Morris Wolfe - Essays, New & Selected

MTM TV

Some of my television columns examined particular themes — the treatment of old people on TV, for instance. The following column looked at the treatment of women.

“As Mary Tyler Moore goes, so goes the nation.” —Maude

Back in 1970 Mary Tyler Moore took a job at a television station because she’d been jilted by her boyfriend. A television station seemed an ideal place to find a new candidate for a husband, and many of the early episodes of the programme revolved around her desperate attempts to fulfil that wish. While all that was going on, she was such a bumbling idiot on the job that it’s a wonder she wasn’t fired.

By 1973 things had changed. Mary wasn’t necessarily looking for a husband any more. She’d become a career woman, an associate producer; part of what she was producing was coffee for her boss, Lou Grant, but still she was an associate producer. As TV women went, that represented progress.

Sometime in 1975, Mary was promoted to producer. However, in an episode last fall, one of Mary’s colleagues, Murray, was offered a job at another station. Rather than see him go, Lou made him Mary’s co-producer (although the station had room for only one producer), and Mary reluctantly accepted the situation. But predictably, Murray and Mary couldn’t work together. Lou solved that problem by demoting Mary. This time, Mary didn’t make nice. She was unhappy and showed it. Murray decided that since the producer’s job meant more to her than it did to him, she could have it back. End of episode. Mary is still producer.

What’s happened, as in so many episodes of the programme, is a cop-out. But in the world of TV women Mary is nonetheless a significant figure. She is, after all, a producer. She’s not making coffee or taking letters any more. The sad fact is that however silly, ambiguous, and compromised her development has been, Mary Tyler Moore is to evening television what Nora in Ibsen’s A Doll’s House was to theatre.

Despite the women's movement, little seems to have changed. All the studies dealing with the treatment of women on television, all the petitions to the networks, to advertisers, to regulatory bodies, all the magazine and newspaper articles on the subject, have had almost no effect on what we see. Television’s Nora may be a terribly muted and disappointing role model but she’s still way ahead of the pack.

Edith Bunker is a nit with a heart of gold. Laverne and Shirley are dummies. Phyllis is a busybody. Nancy is a loudmouth. Maude is neurotic. Alice’s ambition is to become a cocktail waitress. The Fonz’s girlfriends are pneumatic twerps. Phyllis Diller comes on and despairs that her Living Bra “died of starvation.” Rhoda’s career exists almost entirely off-screen; it’s her domestic life that counts. The contestants on TV game shows are mostly women who look and act as if they’ve just wet their pants.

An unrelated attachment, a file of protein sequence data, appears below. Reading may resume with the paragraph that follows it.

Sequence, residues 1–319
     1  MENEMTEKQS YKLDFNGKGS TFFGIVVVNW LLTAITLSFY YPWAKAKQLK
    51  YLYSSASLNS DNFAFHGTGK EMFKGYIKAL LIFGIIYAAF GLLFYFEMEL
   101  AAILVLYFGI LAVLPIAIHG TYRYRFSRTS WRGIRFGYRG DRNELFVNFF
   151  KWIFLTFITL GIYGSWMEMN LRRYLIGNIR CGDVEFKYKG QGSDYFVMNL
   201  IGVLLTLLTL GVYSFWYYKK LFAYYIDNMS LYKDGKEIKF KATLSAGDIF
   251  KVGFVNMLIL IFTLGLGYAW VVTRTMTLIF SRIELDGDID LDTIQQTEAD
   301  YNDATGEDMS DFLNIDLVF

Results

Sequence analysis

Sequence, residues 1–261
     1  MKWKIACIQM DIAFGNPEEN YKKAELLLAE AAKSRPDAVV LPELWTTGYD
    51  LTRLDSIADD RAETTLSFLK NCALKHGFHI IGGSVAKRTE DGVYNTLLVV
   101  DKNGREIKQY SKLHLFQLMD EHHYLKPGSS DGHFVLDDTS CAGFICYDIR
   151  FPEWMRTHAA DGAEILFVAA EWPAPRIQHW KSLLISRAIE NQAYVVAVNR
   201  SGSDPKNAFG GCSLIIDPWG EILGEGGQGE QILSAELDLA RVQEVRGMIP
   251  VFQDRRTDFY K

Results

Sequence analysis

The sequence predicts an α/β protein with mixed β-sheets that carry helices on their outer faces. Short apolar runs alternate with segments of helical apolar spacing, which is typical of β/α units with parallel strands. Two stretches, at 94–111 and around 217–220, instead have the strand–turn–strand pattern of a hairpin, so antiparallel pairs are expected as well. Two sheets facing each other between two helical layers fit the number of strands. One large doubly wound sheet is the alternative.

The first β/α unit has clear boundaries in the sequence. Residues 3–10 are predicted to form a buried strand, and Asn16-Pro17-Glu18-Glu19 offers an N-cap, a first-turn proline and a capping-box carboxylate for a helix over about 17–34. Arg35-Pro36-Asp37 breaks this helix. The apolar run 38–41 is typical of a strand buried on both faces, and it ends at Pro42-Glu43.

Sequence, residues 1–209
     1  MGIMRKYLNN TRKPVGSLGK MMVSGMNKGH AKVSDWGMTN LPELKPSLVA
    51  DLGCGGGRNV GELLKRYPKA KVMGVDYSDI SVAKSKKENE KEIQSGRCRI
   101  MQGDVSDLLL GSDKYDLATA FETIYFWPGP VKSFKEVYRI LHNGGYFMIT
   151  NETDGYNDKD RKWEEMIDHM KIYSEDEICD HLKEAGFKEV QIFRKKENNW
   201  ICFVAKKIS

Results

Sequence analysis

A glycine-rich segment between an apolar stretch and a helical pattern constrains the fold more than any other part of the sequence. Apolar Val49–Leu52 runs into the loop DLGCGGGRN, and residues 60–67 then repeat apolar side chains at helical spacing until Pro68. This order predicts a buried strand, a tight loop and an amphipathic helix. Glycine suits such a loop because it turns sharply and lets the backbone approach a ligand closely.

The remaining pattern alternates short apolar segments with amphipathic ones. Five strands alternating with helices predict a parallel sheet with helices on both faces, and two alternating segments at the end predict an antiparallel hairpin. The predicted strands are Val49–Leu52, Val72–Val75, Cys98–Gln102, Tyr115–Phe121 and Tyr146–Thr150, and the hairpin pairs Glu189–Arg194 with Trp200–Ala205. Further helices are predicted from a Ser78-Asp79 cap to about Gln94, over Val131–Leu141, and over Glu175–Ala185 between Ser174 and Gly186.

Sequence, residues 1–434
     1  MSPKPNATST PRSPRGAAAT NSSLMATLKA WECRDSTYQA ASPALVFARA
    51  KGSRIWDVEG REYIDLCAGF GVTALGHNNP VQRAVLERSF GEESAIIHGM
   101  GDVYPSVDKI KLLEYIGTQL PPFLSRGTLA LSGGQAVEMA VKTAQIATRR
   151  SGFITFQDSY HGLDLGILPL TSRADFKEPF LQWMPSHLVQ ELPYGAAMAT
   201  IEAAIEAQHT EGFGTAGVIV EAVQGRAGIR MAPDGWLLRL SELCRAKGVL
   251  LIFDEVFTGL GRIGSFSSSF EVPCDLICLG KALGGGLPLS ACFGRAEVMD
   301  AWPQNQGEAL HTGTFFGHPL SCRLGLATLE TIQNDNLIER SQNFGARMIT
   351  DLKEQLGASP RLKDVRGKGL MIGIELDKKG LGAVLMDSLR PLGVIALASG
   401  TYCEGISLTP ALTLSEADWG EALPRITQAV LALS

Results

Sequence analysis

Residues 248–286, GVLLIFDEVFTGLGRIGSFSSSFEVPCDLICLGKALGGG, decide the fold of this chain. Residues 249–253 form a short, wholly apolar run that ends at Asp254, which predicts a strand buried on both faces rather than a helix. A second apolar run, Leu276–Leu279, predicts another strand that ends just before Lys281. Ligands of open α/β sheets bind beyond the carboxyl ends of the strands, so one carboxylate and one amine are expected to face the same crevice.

Meanwhile, Wayne and Shuster have a wife-joke contest. The Friendly Giant’s castle continues to be an all-male preserve. Male characters still outnumber female characters almost two to one on the American segments of Sesame Street (the Canadian segments are much better balanced).

Although there are a few more men doing housework in TV commercials than there were three or four years ago, and although some of the most grossly sexist commercials have disappeared (Volvo ads with women who can’t park station-wagons, for instance), the pace at which things have changed has been slow, to say the least. It seemed wonderfully appropriate, therefore, that Shoulder to Shoulder, the story of the British suffragette movement, should be interrupted by a Turtle commercial. “Are you getting yours?” asks a male voice. On other commercials, we still get women awaiting a Mr. Clean or a White Knight to rescue them from dirt. (Lucy Komisar, an American feminist, calls this the traditional “quest for the holy male.”)

There is no women’s equivalent to commercials in which someone says, “Every Saturday now for seventeen years, Ulysses and the boys have been getting together to bend their elbows.” We still get mostly male voices telling us things like, “To millions of women Butterball is more than just a turkey. It’s peace of mind.” Women buy products; men tell them which ones to get. And in those rare cases where women do the telling it’s usually not women as authority figures but women as sex objects. “He didn ’t get shaved. He got stroked today,” purrs the BIC woman. “Manly, yes, but I like it too,” says the Irish Spring woman, while the chic Schick woman provocatively waves her phallic styling stick around.

Mary Tyler Moore, continued > 


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